Nicolette Bateson, the Great Lakes Water Authority’s chief financial officer and treasurer, speaks about changes to a water affordability program at a news conference Wednesday. (Photo by Nushrat Rahman)

Residents in southeast Michigan who struggle to afford water can apply for a revamped program to help lower their bills.

This story also appeared in Detroit Free Press

The Great Lakes Water Authority announced updates to its Water Residential Assistance Program (WRAP), offering bill credits based on a household’s income and water and sewer bill amount for up to two years, assistance paying off arrears and water conservation aid.

The plan — funded by about $4.1 million per year with GLWA’s budgeted revenue divided up at the county level — is dubbed the WRAP Income Based Plan and is for areas outside of Detroit. GLWA’s service region includes: Flint, Detroit, Lapeer, Macomb, Monroe, Oakland, St. Clair, Washtenaw and Wayne counties.

Detroiters are eligible for a separate affordability program, called the Lifeline Plan, which is partially funded by WRAP dollars. GLWA provides drinking water services to nearly 40% and wastewater services to about 30% of the state’s population.

WRAP initially provided a $25 a month bill credit, but the new plan seeks to cap what an eligible family pays toward their water bill to 3% of their household income.

“There is need throughout our service area for homes that are facing challenges paying their bills, and ultimately we want to be able to prevent any shut offs,” said Nicolette Bateson, GLWA’s chief financial officer and treasurer during a news conference Wednesday. 

How program will work

The new program is available to qualifying households that receive water and sewer services from GLWA. Participants can get help for up to two years, but eligible senior citizens and people with permanent disabilities can get bill credit help indefinitely, officials said.

Applicants must have a gross household income at or below 200% of the federal poverty level (which, in 2023, is $49,720 for a family of three), be responsible for paying the bill and live in a home they either own or rent.

“Bill credit amounts are unique to each household,” said Madison Merzlyakov, GLWA affordability and assistance manager. “Upon enrollment, the household income and amount of the water and sewer bill will be reviewed. Bill credits are determined so that after that credit is applied, the amount the household is expected to pay towards their bill is 3% of their household income.”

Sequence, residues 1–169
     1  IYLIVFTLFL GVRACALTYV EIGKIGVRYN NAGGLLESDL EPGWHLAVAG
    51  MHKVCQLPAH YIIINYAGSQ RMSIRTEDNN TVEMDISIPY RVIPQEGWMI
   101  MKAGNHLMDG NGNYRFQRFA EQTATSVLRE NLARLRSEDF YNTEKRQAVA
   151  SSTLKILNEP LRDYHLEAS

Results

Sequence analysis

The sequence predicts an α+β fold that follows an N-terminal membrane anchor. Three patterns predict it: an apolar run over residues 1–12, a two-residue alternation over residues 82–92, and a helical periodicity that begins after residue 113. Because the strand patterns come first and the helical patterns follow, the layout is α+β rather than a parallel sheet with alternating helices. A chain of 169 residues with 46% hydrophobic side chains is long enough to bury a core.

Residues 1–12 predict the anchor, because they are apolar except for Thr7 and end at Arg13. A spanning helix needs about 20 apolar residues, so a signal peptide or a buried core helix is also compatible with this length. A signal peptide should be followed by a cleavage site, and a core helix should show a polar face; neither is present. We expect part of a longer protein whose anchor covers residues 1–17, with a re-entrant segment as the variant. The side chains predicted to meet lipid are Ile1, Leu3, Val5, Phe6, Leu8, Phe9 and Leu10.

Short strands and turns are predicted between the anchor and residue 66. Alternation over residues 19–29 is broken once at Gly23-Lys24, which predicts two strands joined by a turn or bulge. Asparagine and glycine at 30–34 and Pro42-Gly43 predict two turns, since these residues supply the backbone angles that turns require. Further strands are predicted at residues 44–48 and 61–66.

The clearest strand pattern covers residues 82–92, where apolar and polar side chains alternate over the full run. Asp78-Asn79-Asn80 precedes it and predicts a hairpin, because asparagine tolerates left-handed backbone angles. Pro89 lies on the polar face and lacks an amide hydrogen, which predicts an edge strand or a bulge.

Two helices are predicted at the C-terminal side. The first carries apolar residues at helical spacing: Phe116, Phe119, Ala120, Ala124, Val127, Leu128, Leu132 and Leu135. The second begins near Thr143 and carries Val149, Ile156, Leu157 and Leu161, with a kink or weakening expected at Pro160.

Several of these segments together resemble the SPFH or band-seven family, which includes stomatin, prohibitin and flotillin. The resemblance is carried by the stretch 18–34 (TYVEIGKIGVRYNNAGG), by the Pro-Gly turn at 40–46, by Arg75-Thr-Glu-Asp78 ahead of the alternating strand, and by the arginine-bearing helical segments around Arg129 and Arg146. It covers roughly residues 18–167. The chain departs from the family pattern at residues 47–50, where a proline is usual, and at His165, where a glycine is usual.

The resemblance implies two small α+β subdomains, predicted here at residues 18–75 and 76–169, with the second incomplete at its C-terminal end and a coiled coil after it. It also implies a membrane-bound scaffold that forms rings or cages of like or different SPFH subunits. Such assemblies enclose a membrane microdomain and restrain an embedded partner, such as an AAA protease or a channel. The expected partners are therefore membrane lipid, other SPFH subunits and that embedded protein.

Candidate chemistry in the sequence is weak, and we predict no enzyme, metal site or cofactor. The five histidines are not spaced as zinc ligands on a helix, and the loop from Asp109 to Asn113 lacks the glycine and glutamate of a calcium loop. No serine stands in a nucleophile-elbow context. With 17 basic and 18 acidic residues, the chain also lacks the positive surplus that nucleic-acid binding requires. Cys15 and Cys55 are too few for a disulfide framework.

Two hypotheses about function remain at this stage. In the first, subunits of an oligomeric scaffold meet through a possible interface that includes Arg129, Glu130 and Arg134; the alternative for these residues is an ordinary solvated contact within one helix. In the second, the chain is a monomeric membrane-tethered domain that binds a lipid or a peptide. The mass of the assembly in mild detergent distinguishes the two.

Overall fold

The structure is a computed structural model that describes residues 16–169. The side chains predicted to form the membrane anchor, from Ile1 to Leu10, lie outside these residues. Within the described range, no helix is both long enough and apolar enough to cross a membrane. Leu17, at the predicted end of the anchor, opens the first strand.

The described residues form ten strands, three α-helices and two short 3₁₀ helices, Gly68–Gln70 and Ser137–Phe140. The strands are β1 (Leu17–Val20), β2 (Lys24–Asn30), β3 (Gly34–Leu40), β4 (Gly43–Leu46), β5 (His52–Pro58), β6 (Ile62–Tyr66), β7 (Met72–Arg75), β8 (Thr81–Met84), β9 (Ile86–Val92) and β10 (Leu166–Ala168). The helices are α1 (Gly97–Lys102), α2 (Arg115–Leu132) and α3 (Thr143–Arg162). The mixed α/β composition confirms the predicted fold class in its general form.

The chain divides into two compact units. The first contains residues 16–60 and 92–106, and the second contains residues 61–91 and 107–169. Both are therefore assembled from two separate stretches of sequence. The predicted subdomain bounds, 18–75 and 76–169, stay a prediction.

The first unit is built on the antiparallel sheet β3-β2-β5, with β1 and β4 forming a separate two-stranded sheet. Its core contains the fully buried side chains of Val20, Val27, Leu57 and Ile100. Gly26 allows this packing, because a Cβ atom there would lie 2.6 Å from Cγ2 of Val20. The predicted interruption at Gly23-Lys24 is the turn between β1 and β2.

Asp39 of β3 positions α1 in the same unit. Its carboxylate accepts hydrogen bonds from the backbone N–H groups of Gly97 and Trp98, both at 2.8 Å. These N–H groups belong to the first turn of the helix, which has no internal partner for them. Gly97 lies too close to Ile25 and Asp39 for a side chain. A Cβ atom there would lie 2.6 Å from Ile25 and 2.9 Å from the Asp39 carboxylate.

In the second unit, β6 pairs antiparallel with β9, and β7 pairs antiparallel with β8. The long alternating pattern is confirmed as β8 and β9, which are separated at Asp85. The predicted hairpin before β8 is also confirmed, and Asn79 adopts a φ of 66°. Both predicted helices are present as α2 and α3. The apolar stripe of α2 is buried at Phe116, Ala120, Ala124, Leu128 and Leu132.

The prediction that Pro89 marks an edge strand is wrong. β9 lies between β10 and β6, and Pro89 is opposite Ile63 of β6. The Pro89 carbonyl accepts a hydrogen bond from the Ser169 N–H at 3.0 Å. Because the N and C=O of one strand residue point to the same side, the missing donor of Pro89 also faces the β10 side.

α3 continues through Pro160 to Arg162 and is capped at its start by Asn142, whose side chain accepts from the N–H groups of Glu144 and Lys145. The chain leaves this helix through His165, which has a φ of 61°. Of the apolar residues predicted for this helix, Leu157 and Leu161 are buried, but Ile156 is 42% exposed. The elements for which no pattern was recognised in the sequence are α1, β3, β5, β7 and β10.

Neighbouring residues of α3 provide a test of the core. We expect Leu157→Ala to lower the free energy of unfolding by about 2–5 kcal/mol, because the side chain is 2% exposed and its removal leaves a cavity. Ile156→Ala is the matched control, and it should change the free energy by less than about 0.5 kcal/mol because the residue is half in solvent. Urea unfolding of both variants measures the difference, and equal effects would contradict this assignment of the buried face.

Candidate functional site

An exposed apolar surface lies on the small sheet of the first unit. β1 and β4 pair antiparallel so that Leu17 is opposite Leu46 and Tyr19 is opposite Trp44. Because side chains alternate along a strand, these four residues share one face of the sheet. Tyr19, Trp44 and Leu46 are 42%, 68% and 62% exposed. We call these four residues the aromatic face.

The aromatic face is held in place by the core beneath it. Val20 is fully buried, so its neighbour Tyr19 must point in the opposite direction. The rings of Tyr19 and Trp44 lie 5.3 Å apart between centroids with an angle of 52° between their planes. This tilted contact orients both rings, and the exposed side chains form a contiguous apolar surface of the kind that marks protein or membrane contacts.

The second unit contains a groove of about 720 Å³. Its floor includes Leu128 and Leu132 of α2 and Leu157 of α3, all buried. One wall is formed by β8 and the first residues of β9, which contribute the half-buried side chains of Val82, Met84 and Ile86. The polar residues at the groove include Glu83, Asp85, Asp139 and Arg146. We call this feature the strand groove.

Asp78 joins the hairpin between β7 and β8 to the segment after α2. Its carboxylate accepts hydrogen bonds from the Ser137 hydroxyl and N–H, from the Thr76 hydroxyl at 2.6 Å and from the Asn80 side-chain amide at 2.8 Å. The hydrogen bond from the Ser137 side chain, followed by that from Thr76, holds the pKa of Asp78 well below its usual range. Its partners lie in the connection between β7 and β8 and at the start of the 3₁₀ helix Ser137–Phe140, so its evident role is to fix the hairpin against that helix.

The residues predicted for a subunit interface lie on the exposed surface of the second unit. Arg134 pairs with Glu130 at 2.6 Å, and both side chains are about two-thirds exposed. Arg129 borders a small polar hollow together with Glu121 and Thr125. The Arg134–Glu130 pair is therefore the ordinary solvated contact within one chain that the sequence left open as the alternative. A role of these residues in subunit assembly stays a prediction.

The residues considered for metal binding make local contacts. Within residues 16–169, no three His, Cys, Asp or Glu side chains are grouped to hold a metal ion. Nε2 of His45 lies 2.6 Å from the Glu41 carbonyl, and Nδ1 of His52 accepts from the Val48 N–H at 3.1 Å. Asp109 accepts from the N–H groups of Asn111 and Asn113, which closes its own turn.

For instance, a household with an annual income of $10,000, which has an average yearly bill of $1,000, would be eligible for a $700 bill credit, bringing what they owe down to $300 that year. Previously, that family would have received $25 in a monthly bill credit — or a total of $300 in assistance for the year.

The program can also eliminate up to $1,200 in past due bills for the first year and another $1,200 for the second year.

Conservation measures, Merzlyakov said, include a home water audit, information on water usage and minor plumbing repairs up to $2,000. Some examples of those repairs may look like replacing plumbing fixtures in the bathroom, kitchen or utility room that are leaky or don’t work. Households are expected to make on-time payments towards remaining bill amounts.

GLWA works with social service agencies to administer the WRAP program. The United Way for Southeastern Michigan joined this year to provide services to Oakland County residents, directing callers to services such as transportation, housing needs and food assistance, said Jeffrey Miles, United Way’s senior director of economic mobility and social navigation.

Detroit’s Lifeline Plan

Over the summer, the Detroit Water and Sewerage Department launched the Lifeline Plan based on income and usage to help people reduce their bills. That program, which began in August, is expected to run through 2024 with current funding as officials lobby for more statewide dollars to keep it going beyond next year. About $5 million in WRAP dollars partially backs the Lifeline Plan.

“We are focused on securing the state funding through the annual budget, which as it stands in Gov. Whitmer’s proposal is $40 million statewide,” said Bryan Peckinpaugh, a DWSD spokesperson in a Wednesday email.

As of Monday, more than 10,700 households enrolled in the Lifeline Plan and more than 5,800 applications are still pending approval. The Wayne Metropolitan Community Action Agency, which is administering the program, expects to process the applications by the end of March, Peckinpaugh said.

“Our focus is on getting through the current Lifeline Plan applications, then launching another round of outreach this spring. We will not interrupt water services to households for an inability to pay. We reserve our legal option to use the collection tool for accounts that are delinquent, the household is not low-income or not had a recent health emergency or job loss, and they have the ability to pay their water bill,” Peckinpaugh said.

GLWA’s program soft-launched in October. As of the end of January, more than 2,200 households enrolled, Merzlyakov said. Roughly $4 million is allocated each year for the program. For this fiscal year, from July through June, GLWA spent $1.6 million in WRAP funds, not including Detroit, and about $2 million remain, officials said.

GLWA is telling communities not to shut off water to households that are enrolled in the WRAP program.

Last week, GLWA approved a 2.75% hike for wholesale and wastewater rates for the 2024 fiscal year.

How to apply

Nushrat Rahman covers issues related to economic mobility for the Detroit Free Press and BridgeDetroit as a corps member with Report for America, an initiative of The GroundTruth Project.

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